The stroke — in its various manifestations — is the only communication tool that is encountered in paintings and drawings across generations. The production of a stroke involves a complex interplay between different perceptual, cognitive and physical processes. Its reproduction with computational and robotic technologies provides us with the opportunity to study and better understand these processes, raising questions such as: How does the use of robots to generate paintings and drawings influence the attribution of creativity, authorship, and agency to artificial systems? How does the human aesthetic appreciation of a material artwork produced by a robot compare to one presented as a digital image? What are the possible interactions between a human artist and/or a generative system (e.g. a neural network or an algorithmic procedure), a robot and the public in the creation of an artwork? What impact can computational and robotic tools have on contemporary painting practices, and how can these practices influence the development of such tools?
The three-year collaborative project Embodied Agents in Contemporary Visual Art (EACVA) approaches these questions through a multi-disciplinary collaboration between artists, philosophers, sociologists, psychologists as well as computer and robotics engineers. The collaboration will unfold throughout artistic residencies and workshops, during which we will develop a methodology informed by our respective fields of expertise while also producing artworks with state-of-the-art robotic painting and drawing systems. The code for the software developed during this period will be open source, thereby contributing to the growing community of artists and researchers working on artistic applications of robotics. Lastly, the resulting artworks, texts, and systems will be presented in the form of a public-facing exhibition.
The exhibition will include the presentation of live performance installations with several robots, exposing their internal representations and decision-making processes with the aim of demystifying machine and computer-driven creation. By combining state-of-the-art robotic and generative systems with historical contexts and didactic curatorial methodologies, we will offer the public an informed insider view into the creative potential of machines. The show will provide a unique opportunity to further investigate our research questions by gathering quantitative data through visitor surveys. Following the exhibition, we will dedicate a post-production period to the creation of a printed catalogue documenting the artworks and their production, and we will prepare publications relevant to the diverse disciplines represented within our collaborative team.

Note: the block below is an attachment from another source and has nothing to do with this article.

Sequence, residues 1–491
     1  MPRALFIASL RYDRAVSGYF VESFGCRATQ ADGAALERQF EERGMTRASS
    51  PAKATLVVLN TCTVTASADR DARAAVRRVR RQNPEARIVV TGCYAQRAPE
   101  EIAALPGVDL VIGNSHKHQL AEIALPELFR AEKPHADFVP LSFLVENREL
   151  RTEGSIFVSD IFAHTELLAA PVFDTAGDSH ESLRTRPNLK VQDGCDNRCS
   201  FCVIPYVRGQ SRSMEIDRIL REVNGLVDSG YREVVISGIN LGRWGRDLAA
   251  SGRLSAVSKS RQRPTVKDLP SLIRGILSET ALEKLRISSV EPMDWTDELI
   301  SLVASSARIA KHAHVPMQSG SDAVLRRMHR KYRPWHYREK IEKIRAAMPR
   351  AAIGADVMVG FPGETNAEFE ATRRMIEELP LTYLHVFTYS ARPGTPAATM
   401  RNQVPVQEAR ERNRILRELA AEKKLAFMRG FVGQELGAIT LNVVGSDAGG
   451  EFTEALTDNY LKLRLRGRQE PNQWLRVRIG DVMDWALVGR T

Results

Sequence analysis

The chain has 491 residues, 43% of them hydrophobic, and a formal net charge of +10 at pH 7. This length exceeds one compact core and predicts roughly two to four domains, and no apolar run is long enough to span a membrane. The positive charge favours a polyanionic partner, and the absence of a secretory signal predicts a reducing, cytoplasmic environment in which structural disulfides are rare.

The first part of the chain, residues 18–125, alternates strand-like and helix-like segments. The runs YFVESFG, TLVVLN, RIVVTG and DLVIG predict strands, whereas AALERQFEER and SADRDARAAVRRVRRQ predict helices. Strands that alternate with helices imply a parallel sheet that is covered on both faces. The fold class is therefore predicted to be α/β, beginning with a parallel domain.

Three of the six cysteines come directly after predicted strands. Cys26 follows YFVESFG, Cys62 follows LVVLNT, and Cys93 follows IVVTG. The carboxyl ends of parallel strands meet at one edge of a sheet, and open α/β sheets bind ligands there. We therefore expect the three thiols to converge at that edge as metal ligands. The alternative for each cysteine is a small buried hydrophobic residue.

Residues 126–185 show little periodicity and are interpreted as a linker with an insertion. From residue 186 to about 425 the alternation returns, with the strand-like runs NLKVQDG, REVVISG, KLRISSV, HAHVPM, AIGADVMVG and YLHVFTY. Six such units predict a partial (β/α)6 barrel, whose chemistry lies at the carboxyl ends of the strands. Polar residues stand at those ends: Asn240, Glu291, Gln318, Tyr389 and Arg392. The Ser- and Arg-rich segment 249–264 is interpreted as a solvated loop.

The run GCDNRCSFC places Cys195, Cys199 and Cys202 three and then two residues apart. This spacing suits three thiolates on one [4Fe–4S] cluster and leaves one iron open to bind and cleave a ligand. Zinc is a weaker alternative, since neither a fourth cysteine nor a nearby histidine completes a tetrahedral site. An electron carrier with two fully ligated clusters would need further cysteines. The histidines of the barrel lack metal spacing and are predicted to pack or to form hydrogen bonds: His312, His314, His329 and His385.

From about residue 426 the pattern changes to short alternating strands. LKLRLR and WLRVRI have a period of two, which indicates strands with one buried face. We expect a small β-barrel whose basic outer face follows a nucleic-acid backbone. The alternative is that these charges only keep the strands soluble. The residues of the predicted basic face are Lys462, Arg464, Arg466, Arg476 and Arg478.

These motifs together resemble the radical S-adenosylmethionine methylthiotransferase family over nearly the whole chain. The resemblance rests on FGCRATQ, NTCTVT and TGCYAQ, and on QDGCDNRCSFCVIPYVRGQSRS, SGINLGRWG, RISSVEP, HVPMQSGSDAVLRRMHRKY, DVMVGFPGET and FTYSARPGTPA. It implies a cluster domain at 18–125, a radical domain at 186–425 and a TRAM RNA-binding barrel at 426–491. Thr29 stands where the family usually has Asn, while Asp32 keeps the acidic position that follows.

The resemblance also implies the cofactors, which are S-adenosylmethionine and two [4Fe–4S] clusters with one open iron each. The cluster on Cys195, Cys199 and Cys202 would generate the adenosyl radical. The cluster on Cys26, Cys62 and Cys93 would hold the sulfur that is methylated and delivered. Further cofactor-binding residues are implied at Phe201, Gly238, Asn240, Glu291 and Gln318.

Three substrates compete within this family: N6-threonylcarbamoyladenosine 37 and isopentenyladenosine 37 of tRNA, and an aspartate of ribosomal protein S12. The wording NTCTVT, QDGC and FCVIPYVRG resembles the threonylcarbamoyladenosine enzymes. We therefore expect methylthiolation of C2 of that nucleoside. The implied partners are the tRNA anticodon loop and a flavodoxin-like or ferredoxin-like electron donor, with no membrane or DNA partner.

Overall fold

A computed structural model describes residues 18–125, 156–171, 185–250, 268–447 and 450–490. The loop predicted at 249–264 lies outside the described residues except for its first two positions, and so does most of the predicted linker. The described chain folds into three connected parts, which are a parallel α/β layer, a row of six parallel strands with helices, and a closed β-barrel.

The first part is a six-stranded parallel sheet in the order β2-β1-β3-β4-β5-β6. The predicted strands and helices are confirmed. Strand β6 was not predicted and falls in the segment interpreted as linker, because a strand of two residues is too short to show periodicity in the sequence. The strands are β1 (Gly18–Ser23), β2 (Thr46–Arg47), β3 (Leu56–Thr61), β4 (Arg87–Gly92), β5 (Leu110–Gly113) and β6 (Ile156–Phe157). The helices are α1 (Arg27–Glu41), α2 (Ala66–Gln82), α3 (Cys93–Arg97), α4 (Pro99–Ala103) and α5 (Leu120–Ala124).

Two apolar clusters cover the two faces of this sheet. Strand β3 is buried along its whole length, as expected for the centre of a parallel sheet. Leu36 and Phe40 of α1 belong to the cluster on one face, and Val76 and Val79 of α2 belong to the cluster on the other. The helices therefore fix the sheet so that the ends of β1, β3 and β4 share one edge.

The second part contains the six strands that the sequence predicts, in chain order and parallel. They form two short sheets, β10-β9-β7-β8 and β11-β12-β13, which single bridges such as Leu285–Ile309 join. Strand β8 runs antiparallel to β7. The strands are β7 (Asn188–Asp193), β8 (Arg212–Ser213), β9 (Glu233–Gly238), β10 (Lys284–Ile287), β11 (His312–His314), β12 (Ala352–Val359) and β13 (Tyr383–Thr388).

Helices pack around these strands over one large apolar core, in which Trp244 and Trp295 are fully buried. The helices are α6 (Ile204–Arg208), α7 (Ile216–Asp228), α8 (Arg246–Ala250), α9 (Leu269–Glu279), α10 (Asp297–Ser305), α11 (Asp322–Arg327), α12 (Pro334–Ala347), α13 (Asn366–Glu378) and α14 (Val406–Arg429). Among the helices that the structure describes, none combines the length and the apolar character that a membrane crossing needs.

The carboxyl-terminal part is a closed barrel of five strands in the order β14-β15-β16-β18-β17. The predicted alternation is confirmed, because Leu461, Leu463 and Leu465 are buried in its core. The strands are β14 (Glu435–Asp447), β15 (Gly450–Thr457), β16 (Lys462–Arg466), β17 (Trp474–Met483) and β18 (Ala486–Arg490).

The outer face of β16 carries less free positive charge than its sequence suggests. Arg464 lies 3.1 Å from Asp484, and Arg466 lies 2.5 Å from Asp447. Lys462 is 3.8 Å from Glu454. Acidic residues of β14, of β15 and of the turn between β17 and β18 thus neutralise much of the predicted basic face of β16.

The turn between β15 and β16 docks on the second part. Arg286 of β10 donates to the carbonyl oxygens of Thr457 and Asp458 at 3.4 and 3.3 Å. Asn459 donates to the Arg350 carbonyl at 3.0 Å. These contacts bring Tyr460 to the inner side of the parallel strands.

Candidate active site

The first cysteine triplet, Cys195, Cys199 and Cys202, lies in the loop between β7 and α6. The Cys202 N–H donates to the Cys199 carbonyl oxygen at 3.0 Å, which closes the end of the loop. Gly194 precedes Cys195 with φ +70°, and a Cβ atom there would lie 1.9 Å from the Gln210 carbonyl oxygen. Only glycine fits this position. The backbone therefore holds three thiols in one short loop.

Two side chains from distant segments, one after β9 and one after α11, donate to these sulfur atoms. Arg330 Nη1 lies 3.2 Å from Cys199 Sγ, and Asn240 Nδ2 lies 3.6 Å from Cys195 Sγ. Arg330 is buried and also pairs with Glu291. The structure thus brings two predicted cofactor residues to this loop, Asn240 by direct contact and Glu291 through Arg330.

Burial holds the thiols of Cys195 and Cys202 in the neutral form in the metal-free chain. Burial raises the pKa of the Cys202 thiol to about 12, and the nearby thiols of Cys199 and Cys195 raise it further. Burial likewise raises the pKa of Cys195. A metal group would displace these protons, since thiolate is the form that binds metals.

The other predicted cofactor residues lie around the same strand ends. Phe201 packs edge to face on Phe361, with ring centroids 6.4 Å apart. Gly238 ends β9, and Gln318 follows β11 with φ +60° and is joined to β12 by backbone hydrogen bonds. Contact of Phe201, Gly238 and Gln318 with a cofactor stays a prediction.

Examples of prior artworks, know-hows, and experiences; all technical development and art creation by our team.
We are a team of experts from a variety of disciplines: art, philosophy, robotics, computer graphics, perception/cognitive science and machine learning, all driven by the shared interest of studying the human art-making process and its embodiment in robots:
- Prof. Frederic Fol Leymarie – Creative Computing, Goldsmiths, University of London, dept. of Computing
- Prof. Oliver Deussen – Computer Graphics, University of Konstanz
- Dr. Caterina Moruzzi – Philosophy, University of Konstanz
- Dr. Rebecca Chamberlain – Psychology, Goldsmiths, University of London
- Dr. Tomoko Tamari – Sociology – Goldsmiths, University of London
- Dr. Daniel Berio – Artist, Creative Computing, Goldsmiths, University of London, dept. of Computing
- Liat Grayver – Painter/ Media Artist; e-David Project, University of Konstanz; Epistemologien Ästhetischer Praktiken, ETH Zürich
- Prof. William Latham – Artist, Creative Computing – Goldsmiths, University of London
- Laura Herman – Creativity Research, Oxford Internet Institute, University of Oxford
- Dr. Sylvain Calinon – Robotics and Machine Learning, Idiap research institute
- Nora Al-Badri, Media Artist, ETH Zürich, AI center
- Patrick Tresset – Artist, Roboticist
- Dr. Memo Akten – Media Artist, Computational Art & Design, U.C. San Diego, dept. of Visual Arts
- Prof. Chris Salter – Media Art, Concordia University, Montréal
- Prof. Tamar Flash – Motor Control – Weizmann institute, Tel Aviv